Saturday, September 13, 2014

Initial Forays Into the World of Modeling in Physics Instruction

Introduction: I was fortunate to be accepted to participate in the Modeling Workshop that was conducted by the North Central region of Michigan via COOR ISD this summer. 

Goal: Since I was teaching a summer course at the same time that the workshop has been conducted, I thought I would put some of what I have learned to the test immediately to gain more hands-on experience with the modeling approach to instructing Physix before the following academic year begins.

Philosophy: I think one's success with new approaches to instruction would have higher chances of success if one allows the new methods (Modeling approach in my case) to seamlessly blend with her/his way of doing things. In other words, one has to own her/his Modeling way.

The Nadj! Approach Constant Velocity Particle Model: 

1) I like starting my Physix units by having students analyze art pieces and extract preliminary Physix concepts out of them. In this case, the students were shown a visual art piece (see image below) & a video that shows the Berlin philharmonic under the directorship of maestro Herbert Von Karajan conducting playing the last movement of Beethoven's 9th symphony. Students were to compare & contrast the two art pieces Physix-wise, a class discussion ensued, and the idea of motion and movement emerged naturally from the experience.

2) Couple of Clickerims were given to prep the students for the Constant Velocity Particle Model lab.

3) Following is a sequence of pictures that shows some aspects of the modeling process.

Task Board that explains to students what their respective boards must contain.
One of the group's set up for the CVPM lab (notice the little tabs for time calls.)

Student sets her iPhone to videotape the motion of her group's buggy.

CVPM lab run of one of the groups.
Boards set for whiteboarding sessions! :-)
4) The students' engagement, the ideas they had to generate, the details they had to wrestle with, the whiteboarding session that ensued, and the levee of understanding reached were all a marvel thing to witness.

This is just a snapshot of what had transpired this summer and hopefully more Coolisms will emerge as I become more familiar with the method and the wonderful outcomes it seems to readily yield.

Thank you for reading this blog post and I encourage you to comment about similar experiences you had, suggestions you may offer, or pedagogical ideas this may have triggered in your mind. Please, commit your thoughts to the comments area.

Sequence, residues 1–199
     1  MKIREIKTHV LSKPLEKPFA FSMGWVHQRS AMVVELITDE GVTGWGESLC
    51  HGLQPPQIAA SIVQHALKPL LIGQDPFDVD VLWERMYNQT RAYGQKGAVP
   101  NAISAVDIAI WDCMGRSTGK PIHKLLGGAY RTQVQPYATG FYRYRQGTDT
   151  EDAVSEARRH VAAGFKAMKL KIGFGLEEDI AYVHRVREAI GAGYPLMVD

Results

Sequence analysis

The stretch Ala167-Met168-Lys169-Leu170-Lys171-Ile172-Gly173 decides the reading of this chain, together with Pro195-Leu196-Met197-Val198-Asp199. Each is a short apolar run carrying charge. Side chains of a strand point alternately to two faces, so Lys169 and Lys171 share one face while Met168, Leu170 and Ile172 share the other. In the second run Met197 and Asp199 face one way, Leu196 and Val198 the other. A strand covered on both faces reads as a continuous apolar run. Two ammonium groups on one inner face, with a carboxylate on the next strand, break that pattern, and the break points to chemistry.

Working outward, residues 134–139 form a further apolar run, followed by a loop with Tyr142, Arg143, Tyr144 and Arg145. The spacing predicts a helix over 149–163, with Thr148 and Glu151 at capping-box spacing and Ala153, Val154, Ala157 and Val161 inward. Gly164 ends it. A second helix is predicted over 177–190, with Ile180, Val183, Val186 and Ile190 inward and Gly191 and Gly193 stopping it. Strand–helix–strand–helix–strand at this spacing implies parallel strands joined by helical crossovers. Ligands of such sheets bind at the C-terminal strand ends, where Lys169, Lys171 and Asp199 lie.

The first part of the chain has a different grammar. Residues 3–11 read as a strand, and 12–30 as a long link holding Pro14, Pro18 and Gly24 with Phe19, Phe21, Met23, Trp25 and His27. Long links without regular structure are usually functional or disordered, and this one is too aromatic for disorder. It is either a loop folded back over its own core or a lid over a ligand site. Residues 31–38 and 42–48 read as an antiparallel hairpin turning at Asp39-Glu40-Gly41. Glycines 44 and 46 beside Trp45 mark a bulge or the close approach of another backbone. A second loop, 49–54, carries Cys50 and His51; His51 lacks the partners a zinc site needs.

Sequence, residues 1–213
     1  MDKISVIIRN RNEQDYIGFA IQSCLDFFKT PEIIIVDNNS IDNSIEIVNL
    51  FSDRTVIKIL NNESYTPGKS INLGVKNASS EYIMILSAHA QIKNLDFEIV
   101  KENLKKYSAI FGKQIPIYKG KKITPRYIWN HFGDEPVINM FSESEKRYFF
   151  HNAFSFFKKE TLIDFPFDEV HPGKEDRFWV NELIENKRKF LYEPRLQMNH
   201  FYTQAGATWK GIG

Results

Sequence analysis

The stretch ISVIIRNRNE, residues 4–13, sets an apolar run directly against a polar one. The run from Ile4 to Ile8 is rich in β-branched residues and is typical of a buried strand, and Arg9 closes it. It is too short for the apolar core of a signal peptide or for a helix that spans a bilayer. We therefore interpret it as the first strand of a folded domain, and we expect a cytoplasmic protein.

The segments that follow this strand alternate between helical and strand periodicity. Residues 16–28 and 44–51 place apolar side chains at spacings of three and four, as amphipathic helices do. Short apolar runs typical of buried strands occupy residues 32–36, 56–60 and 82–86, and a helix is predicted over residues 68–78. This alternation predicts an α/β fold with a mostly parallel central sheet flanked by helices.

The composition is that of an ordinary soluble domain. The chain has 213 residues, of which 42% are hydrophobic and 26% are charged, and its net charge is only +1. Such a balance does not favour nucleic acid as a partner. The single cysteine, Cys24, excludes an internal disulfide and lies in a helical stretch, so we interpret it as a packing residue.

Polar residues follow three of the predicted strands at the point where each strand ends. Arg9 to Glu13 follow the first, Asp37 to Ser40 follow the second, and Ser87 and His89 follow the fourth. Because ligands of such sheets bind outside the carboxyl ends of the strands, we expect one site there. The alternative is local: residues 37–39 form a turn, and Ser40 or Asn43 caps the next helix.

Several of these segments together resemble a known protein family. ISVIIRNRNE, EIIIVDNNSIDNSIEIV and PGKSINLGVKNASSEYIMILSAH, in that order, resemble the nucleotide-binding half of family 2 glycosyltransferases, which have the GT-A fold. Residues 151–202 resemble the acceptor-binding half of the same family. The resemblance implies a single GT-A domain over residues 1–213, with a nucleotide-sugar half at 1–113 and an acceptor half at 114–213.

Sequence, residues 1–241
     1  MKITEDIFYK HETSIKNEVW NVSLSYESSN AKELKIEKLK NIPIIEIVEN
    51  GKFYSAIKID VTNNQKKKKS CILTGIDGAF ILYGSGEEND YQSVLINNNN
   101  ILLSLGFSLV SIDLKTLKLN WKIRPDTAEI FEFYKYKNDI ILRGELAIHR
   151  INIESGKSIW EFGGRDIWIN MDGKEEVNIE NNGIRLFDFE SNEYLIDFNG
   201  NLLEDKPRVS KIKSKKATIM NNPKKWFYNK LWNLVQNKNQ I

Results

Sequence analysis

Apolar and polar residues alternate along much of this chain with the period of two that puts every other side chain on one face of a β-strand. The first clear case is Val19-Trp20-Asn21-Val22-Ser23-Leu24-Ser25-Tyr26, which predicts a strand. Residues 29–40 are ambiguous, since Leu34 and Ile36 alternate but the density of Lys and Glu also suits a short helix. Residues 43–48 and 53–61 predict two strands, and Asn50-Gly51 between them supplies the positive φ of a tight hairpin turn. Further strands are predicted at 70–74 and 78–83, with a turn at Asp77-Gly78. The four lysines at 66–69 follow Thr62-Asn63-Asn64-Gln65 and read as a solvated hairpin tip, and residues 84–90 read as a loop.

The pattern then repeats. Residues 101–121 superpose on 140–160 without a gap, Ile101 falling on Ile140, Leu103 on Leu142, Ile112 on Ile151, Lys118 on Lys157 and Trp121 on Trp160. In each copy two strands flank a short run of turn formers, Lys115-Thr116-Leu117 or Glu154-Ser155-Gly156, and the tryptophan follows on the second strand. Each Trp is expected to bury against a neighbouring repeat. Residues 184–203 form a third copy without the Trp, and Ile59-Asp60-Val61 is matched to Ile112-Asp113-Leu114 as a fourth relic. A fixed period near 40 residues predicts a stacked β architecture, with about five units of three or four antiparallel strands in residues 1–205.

Model away, Model all the way! :-)    

Sunday, June 22, 2014

Physix in Images 2013-2014

First: I apologize for the lack of activity in my blog.

Second: There were precious moments in Physics (3 sections) & Astronomy (new section) and I thought instead of blabbering about them I should just let some pictures convey the extent of the fun as well as learning.

The Smiles of Pride! :-)
Tip of the Hat to Sir Isaac Newton!
When Physix meats Art; only Coolism ensues! :-)
A Cool Student PhysArt Project
Nothing beats the connectedness between Physix concepts!
Mechanical Systems (spring/mass) in Series/Parallel to contrast with Electrical Systems In Series/Parallel
Students love it when Experts present their work!
Dr. Brian McNamara discusses his work on Supermassive Black Holes & Exploding Galaxies!

Star Gazing Extravaganza wraps up a Cool First Year of Astronomy, look at the wide smiles! :-)
Optics meets Art! Backyard of our classroom with the Physix room acting as a Camera Obscura!
iPad used to generate Motion Diagrams. How cool is that?
Physix of Motion meets Art! iPad used to generate the corresponding Motion Diagram.
Testing Hypotheses about Combinations of Human Electric Generators (Take I)
Testing Hypotheses about Combinations of Human Electric Generators (Take II)
Taking the concept of Combinations of Human Electric Generators to its Ultimate Finale!
Students getting close & personal with Optics, Lens Equation Lab!
Physix meets Art, slide from a student's project presentation!
Physix meets Art (refer to previous image!)
Astronomy Lab on Plasma & Light Spectra, Sweet! :-)
Astronomy class experiencing Motion Diagrams (look closely to see the blue dots!)

Third: I hope the above excite you to share your own cool images from last year of Physics or Astronomy.

Thank you for taking the time to view/read the post and I hope you would be kind to leave some comments.

Thank you and take great care! :-)